Yet by focussing on some of the great successes the U.K has achieved surely offers real benefits. Paying attention to what is working opens up the initiative to do more if it. So how about...
A free press which, despite it?s recent troubles, vis a vis ?Leveson?, continues to produce some of the most informative, insightful and elucidating journalism, liberated from partisanship and more objective than can be found anywhere in the world is one case in point. There are those who do not operate in this excellent fashion, of course. Many of them. But enough who still do and they should be applauded; we should be thankful - we want them to stick around - we need them! Taking one of our largest, most respected institutions - the BBC - as an example. It is presently having to face up to what can only be described as a series of the gravest of mistakes and concerns pointing to a systemic failure of professionalism at the highest levels. And the response of those journalists, responsible for covering the stories concerning their own colleagues and paymaster? An attempt to gloss over the failures, or to shirk from acknowledging their magnitude? Not a bit. Instead we see reportage which seems intent on holding it?s own leaders and structures to account, publicly and without hesitation or reservation, in a way unthinkable to many many organisations guilty of procedural failure in any similar fashion.
We are fortunate to have a health care system free at the point of use with few equals around the world (if any - though in the Middle East can be found countries with increasingly visible ambitions in this direction now, and enough money to turn potential into reality. The really interesting question is do they have the same willingness to create a system that puts patients before profit? We shall see.) in terms in terms of capacity of coverage (availability across the country, to everyone, regardless of wealth, background, age or health) and successful outcomes for patients. Again, politics is never far away and there are arguments to be had over the preferred public/private management balance, further empowerment for patients over their own treatment, to what extent expensive medicines should be available for patients with serious illness and many other vital issues.
But the fundamental premise of this epitome of the socially compassionate society remains an iconic exemplar of what can be achieved. I don?t think we appreciate this often enough; I don?t believe it can be over-emphasised.
And finally, our local zeitgeist achievement worthy of recognition, I believe, is that Bristol elected to have a Mayor. Despite low turnout in that referendum in May 2012 (and we must all hope this can be improved - perhaps more than hope..act?! Act to inspire and persuade people to believe that their input has an impact.) Bristol voted for change. For the potential to elect a leader who is accountable, who must operate with a greater degree of transparency than the old Council system if they hope to maintain a mandate and who we can kick out if they do not measure up to our standards or expectations. Because we can do that. It does matter which box you tick. Don't accept the defeatist, lazy, cynical argument that it doesn't make any difference who you vote for...If we were in Zimbabwe we could be forgiven for thinking otherwise. But we don?t; our ballot boxes and voting system are run with the greatest integrity and respect for that process in the world. Largely staffed by highly conscientious volunteers who believe strongly in the democratic process and value all that this entails.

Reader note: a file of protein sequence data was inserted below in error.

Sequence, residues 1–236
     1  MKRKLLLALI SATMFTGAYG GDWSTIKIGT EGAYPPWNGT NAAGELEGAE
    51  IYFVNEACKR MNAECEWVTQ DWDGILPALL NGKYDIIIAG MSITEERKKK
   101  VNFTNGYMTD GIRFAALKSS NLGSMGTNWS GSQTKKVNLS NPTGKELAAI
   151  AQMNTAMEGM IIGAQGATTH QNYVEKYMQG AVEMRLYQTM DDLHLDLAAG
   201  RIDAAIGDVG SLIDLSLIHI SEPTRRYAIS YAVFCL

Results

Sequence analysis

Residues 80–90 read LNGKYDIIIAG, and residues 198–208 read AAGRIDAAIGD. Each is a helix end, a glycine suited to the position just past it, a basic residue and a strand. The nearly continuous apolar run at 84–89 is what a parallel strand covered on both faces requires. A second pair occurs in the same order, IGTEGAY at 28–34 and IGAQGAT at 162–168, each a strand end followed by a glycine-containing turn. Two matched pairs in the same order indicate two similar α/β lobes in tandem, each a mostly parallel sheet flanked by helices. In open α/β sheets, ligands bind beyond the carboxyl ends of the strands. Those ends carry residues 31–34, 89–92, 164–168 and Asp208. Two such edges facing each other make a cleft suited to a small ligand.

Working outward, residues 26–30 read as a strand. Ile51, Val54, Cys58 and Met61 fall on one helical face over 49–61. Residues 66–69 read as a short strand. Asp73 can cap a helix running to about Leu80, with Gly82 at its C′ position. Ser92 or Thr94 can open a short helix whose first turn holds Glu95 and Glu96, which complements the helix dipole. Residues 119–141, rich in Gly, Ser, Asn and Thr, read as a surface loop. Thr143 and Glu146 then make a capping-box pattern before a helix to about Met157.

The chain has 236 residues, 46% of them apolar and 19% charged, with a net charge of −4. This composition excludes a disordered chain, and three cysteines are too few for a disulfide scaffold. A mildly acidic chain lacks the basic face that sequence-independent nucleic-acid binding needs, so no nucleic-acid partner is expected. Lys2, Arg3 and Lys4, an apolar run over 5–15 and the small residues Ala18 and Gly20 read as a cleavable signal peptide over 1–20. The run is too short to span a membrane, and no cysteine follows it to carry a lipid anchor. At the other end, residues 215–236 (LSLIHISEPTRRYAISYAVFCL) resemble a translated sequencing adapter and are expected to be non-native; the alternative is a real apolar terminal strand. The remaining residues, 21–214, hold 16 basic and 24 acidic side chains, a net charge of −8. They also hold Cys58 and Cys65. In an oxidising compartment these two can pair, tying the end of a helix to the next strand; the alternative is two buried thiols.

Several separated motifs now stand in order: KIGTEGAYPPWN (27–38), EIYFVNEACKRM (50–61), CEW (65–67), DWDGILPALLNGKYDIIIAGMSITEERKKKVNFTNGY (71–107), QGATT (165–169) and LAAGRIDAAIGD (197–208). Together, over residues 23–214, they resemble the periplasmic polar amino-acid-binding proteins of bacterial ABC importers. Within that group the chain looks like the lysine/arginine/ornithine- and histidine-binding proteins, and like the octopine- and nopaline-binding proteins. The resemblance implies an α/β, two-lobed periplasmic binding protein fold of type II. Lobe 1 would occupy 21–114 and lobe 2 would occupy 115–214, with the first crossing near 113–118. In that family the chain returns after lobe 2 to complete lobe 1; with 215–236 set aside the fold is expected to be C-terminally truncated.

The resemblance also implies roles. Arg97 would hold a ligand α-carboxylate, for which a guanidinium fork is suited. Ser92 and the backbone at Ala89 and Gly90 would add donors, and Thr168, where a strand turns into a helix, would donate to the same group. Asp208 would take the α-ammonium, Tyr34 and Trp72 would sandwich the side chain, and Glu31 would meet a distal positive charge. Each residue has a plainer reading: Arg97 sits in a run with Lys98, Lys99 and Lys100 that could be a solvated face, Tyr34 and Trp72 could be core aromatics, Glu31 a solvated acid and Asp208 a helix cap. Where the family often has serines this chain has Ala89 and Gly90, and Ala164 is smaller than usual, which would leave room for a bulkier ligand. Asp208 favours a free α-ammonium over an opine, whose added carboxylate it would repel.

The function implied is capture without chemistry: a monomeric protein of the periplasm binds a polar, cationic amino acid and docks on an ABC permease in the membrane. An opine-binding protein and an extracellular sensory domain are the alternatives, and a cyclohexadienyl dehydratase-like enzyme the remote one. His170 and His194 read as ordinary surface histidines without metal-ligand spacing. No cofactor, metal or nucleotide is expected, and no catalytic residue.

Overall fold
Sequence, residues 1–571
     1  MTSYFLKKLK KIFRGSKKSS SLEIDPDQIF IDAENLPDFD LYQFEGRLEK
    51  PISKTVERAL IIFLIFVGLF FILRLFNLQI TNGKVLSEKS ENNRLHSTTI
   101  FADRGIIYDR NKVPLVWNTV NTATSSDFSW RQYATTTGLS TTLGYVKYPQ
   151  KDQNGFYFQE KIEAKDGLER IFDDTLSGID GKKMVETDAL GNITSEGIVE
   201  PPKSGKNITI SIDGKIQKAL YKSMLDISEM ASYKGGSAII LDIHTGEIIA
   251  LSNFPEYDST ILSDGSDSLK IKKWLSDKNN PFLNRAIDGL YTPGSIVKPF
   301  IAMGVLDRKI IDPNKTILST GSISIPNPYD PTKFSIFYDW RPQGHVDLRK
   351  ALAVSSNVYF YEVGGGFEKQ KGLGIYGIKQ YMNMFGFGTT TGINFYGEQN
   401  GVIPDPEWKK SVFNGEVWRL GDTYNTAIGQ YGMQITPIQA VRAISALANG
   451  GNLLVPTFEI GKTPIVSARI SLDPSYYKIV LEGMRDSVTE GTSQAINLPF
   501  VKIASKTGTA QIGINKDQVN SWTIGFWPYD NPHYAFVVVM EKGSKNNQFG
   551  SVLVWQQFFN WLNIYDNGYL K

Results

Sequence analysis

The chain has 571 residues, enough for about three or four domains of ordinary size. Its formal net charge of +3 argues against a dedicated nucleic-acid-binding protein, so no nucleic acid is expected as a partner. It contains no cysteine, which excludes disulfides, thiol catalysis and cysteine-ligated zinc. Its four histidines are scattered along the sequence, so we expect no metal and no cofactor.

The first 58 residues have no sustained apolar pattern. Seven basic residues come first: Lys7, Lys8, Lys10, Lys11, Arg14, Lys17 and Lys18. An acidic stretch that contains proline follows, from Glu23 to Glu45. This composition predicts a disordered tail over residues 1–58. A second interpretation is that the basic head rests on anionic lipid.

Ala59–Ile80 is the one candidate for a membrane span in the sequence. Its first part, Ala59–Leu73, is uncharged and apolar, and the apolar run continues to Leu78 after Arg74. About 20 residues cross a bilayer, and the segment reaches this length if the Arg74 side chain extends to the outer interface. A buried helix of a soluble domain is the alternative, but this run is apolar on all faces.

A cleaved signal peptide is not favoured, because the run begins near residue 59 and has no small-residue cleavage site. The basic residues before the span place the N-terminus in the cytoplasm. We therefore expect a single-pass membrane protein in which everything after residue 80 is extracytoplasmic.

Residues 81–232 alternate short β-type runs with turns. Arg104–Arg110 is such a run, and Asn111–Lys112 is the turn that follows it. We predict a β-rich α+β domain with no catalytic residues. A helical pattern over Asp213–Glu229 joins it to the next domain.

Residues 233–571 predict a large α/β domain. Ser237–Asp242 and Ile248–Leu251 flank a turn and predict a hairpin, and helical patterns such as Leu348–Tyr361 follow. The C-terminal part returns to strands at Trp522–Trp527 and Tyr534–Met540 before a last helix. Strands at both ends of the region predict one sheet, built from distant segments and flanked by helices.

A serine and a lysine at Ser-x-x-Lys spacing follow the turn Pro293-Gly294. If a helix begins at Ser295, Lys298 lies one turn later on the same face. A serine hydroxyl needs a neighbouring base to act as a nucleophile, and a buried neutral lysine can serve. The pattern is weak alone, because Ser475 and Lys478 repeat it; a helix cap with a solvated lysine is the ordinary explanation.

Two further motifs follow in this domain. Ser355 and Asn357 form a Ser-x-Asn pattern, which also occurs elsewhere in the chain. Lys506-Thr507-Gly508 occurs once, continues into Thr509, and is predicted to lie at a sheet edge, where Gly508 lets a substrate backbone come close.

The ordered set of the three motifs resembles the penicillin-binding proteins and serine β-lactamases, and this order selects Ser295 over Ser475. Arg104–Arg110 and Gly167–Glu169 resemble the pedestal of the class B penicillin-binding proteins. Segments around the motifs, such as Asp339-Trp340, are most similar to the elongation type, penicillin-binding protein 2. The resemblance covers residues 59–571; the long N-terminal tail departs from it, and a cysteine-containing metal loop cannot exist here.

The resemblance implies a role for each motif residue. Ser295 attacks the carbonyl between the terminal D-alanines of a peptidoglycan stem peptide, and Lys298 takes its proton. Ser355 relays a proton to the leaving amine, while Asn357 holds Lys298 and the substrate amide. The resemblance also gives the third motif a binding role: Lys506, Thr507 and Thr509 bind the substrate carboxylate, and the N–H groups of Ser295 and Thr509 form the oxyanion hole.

The person you vote for may not win; they may not be as good as you hoped. Or no party may achieve an outright majority - forcing the necessity for two parties to work together - an unusual outcome (perhaps likely to become more common in the near future). Still, your vote was counted. Therefore it does count to vote. And it's still a darn sight better than the American presidential election system, so far as I can tell - though I confess to being no expert on said process. Those electoral college votes certainly provide rather different results from the popular vote though, don't they?
So, suffice to say that I do not believe it is all doom and gloom; though our governing structures still do leave much to be desired..there are many ways we can and must seek improvement. For now, I come to the end and traditionally this is the bit where it?s good to end with an inspiring quote so, anxious not to disappoint I offer this:
“Always vote for principle, though you may vote alone and you may cherish the sweetest reflection that your vote is never lost”
There really is much to celebrate. And I for one plan to do so, in the best way I know how. By exercising my inalienable, democratic right to vote, this Thursday..Now I just have to decide - who for...any ideas?